Edit, Edit, Edit!

“Simple can be harder than complex. You have to work hard to get your thinking clean to make it simple. But it’s worth it in the end, because once you get there, you can move mountains.” — Steve Jobs, Apple, Inc.

When I hold an Apple TV remote next to a standard cable remote, when I see the Nike Swoosh on a billboard, or shop Uniqlo apparel, buy Method dish soap, bite into an RXBar — that’s when I see it. I see the driving force of great design.

Great design is simple. It is smart. It is sophisticated. For businesses to make their communication simple, they must make tough choices. It’s much easier to keep more, say more, promise more, or add more. It’s much harder to do the opposite- to edit. As a leader in design, I’m often asked what delivers strong creative execution? How do you know when you’ve landed at the perfect design solution? My answer, “When there is nothing left to take away. When you’ve boiled the idea down to its purest expression.” This does not mean making something sterile, it means making choices about what you need and what you don’t. Iconic design is memorable and stands for something. Not a million different things, but one important thing.
Pablo Picasso, The Bull Series, 1945
Picasso proves this truth. In fact, this famous artist’s philosophy influenced Apple and Steve Jobs. Just like Picasso, the Apple design process cycles through iterations of an idea. Editing, editing, editing, until the idea, product or innovation is delivered in the most concise way. Picasso describes this approach as abstraction. Take his well-known Bull series, for example. He began with a realistic image of a bull, then focused on the structure and shapes defining the bull’s form. As he experimented with these forms, he realized they could be reduced to simple outlines. Even then, he saw ways to eliminate most of the lines to leave a pure, singular outline that conveyed the essence of “bullness.” It’s beautiful and more intriguing than the real image. You immediately know what you are looking at by the implied outline. This type of aesthetic is what makes revolutionary design. It explains how Apple disrupted an industry to change the experience of personal computing forever, and why Method Soap was able to redefine an entire category though decor-worthy design.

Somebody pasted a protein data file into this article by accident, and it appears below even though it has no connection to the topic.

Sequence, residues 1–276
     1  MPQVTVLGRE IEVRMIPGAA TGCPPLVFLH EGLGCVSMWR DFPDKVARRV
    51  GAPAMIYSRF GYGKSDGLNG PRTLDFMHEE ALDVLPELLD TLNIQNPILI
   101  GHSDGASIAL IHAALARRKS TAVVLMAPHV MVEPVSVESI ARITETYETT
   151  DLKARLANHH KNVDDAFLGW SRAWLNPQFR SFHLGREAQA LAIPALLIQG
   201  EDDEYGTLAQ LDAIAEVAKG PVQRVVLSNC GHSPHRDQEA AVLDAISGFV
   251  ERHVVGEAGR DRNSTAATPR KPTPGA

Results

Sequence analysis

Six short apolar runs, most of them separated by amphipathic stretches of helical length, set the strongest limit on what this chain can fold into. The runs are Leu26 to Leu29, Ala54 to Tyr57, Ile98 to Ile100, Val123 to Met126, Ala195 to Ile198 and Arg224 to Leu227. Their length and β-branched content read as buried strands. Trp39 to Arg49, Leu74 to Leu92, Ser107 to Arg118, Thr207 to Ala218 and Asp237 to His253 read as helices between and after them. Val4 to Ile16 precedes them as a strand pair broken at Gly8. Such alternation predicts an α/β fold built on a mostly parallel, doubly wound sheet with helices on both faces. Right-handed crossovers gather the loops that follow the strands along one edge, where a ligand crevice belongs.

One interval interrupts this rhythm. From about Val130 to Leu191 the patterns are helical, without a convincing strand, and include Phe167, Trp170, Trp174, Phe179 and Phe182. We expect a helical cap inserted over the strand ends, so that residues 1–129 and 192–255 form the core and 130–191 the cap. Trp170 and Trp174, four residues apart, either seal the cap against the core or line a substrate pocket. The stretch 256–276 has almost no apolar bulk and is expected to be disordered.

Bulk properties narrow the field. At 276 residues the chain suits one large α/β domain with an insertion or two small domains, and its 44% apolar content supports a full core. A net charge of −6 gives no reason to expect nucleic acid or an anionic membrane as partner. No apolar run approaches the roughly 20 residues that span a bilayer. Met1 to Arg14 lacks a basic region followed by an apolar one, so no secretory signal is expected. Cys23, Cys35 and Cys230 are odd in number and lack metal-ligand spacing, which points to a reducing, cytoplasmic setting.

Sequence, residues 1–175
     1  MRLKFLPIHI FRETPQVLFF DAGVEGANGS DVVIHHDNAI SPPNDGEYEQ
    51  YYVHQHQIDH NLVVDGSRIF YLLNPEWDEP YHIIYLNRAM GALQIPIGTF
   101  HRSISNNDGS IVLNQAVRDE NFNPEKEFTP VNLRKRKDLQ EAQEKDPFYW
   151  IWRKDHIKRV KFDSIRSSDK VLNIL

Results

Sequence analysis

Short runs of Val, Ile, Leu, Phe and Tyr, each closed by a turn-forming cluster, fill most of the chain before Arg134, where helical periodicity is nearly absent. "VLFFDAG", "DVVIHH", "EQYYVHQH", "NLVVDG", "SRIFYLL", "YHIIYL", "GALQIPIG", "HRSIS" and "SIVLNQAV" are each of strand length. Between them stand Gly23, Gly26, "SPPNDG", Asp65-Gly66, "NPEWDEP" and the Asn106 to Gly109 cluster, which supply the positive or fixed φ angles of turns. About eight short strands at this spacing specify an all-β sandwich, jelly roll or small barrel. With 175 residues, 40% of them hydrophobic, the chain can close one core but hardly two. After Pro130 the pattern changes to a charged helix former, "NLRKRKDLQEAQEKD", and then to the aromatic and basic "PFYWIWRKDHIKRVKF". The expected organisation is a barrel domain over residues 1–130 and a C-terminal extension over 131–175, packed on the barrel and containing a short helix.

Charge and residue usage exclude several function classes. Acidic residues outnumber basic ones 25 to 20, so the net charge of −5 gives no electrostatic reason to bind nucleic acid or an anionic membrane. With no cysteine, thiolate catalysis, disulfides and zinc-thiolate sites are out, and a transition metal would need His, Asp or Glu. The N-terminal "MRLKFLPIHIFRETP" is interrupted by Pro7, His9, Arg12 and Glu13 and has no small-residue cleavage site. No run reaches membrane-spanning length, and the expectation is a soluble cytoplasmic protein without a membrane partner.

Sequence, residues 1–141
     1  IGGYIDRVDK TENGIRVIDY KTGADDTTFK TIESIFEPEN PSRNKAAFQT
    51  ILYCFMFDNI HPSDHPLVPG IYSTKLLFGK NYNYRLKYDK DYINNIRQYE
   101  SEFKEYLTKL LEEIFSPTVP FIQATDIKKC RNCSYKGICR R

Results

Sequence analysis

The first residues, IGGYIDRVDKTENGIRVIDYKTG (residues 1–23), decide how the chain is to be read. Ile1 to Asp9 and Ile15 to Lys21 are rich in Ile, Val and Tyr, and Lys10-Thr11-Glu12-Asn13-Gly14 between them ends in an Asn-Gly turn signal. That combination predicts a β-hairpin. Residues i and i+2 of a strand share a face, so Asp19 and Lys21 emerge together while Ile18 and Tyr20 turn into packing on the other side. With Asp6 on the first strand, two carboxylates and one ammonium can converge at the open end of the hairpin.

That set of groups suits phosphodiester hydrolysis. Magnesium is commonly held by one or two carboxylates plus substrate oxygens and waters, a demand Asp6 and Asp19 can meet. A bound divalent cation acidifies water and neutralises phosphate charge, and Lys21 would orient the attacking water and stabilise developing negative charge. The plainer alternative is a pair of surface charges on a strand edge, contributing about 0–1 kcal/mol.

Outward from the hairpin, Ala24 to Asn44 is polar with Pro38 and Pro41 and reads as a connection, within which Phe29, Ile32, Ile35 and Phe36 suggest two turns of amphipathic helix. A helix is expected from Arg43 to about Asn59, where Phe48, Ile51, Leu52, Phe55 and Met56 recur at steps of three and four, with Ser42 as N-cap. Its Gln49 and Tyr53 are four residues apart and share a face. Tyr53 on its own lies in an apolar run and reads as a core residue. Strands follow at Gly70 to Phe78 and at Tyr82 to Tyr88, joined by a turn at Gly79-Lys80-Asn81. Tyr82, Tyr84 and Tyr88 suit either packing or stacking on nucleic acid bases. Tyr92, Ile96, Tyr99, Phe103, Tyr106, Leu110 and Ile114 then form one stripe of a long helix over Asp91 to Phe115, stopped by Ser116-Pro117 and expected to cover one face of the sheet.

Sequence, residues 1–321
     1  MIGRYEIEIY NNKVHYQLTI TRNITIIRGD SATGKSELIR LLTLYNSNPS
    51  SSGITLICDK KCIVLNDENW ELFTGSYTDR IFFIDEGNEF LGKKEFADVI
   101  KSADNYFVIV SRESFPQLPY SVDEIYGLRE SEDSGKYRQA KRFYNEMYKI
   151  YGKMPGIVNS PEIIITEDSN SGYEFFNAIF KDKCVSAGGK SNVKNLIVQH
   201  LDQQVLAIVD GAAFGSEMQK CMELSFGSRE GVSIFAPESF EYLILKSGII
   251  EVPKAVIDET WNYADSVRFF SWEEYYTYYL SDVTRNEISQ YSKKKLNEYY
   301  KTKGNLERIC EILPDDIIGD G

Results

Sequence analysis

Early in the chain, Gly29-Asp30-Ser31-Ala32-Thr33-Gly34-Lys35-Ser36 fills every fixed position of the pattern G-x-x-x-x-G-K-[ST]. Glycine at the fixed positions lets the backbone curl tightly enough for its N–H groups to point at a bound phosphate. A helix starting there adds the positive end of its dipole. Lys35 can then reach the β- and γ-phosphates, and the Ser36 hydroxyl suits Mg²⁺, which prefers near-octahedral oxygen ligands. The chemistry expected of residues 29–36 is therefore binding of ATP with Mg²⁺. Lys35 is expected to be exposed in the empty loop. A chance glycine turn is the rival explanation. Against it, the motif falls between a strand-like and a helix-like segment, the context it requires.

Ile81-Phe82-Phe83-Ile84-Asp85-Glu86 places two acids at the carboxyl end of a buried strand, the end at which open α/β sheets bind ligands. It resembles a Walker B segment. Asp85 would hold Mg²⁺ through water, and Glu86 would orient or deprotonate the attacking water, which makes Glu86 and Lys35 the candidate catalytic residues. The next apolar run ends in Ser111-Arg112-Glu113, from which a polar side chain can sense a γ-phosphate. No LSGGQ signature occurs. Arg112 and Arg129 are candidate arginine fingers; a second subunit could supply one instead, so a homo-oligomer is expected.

I think the most important part of design thinking is editing. It’s challenging to converge on the best solution after a broad proliferation of ideas. The test and learn step naturally helps simplify, in the same way Picasso used abstraction. I can’t begin to count the number of times I’ve sat in consumer focus groups listening to people complain about the complexity at shelf and the headache of finding the right product. The internet and e-commerce aren’t any better. Our social platforms and email inboxes are flooded with content. We are overloaded with information everywhere we go. As designers, clarity is the most generous gift our solutions can offer. Consumers and customers fall in love with brands that can do this, the same way generations of people have fallen in love with Picasso’s art or Chanel’s iconic little black dress.
What can prove that simplicity pays off? According to Siegal+Gale’s global research with 15,000 consumers across nine countries, 8 years of findings reaffirm that simplicity inspires deeper trust, strengthens loyalty, and commands more premium pricing. “In the end, simplicity drives financial gain for brands willing to embrace it . . . since 2009, a stock portfolio comprised of the publicity traded simplest brands in our global Top 10 has outperformed the major indexes by 679%!”
If nothing else, I hope this has been a friendly reminder to edit. Whether you’re a designer, brand manager or marketer, ask yourself, what can I remove to make the consumer experience more intuitive? How can you prioritize to simplify — leaving only the most impactful elements, messaging or functions? Repeat that a few times. The result, I promise, will deliver extraordinary design, solutions that differentiate, and brands that captivate consumers.


Maggie Parkhouse

Group Director of Design

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